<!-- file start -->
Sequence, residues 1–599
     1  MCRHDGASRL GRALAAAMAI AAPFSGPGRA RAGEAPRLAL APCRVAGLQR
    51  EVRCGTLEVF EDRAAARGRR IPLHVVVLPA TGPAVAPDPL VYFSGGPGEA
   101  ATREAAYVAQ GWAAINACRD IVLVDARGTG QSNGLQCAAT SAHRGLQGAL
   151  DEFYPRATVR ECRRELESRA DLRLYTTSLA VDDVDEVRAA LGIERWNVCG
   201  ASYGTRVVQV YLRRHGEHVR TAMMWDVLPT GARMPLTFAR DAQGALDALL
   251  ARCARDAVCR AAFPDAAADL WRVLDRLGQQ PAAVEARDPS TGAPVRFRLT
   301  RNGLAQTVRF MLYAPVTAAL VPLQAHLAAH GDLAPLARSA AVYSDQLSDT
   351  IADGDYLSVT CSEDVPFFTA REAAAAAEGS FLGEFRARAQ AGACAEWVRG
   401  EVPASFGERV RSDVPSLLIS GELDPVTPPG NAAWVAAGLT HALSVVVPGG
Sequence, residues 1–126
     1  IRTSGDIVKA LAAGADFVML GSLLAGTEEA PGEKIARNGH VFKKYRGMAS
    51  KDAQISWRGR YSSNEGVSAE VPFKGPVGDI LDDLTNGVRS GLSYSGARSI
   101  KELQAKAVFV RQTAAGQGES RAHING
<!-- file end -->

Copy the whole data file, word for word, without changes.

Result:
Sequence, residues 1–599
     1  MCRHDGASRL GRALAAAMAI AAPFSGPGRA RAGEAPRLAL APCRVAGLQR
    51  EVRCGTLEVF EDRAAARGRR IPLHVVVLPA TGPAVAPDPL VYFSGGPGEA
   101  ATREAAYVAQ GWAAINACRD IVLVDARGTG QSNGLQCAAT SAHRGLQGAL
   151  DEFYPRATVR ECRRELESRA DLRLYTTSLA VDDVDEVRAA LGIERWNVCG
   201  ASYGTRVVQV YLRRHGEHVR TAMMWDVLPT GARMPLTFAR DAQGALDALL
   251  ARCARDAVCR AAFPDAAADL WRVLDRLGQQ PAAVEARDPS TGAPVRFRLT
   301  RNGLAQTVRF MLYAPVTAAL VPLQAHLAAH GDLAPLARSA AVYSDQLSDT
   351  IADGDYLSVT CSEDVPFFTA REAAAAAEGS FLGEFRARAQ AGACAEWVRG
   401  EVPASFGERV RSDVPSLLIS GELDPVTPPG NAAWVAAGLT HALSVVVPGG
Sequence, residues 1–126
     1  IRTSGDIVKA LAAGADFVML GSLLAGTEEA PGEKIARNGH VFKKYRGMAS
    51  KDAQISWRGR YSSNEGVSAE VPFKGPVGDI LDDLTNGVRS GLSYSGARSI
   101  KELQAKAVFV RQTAAGQGES RAHING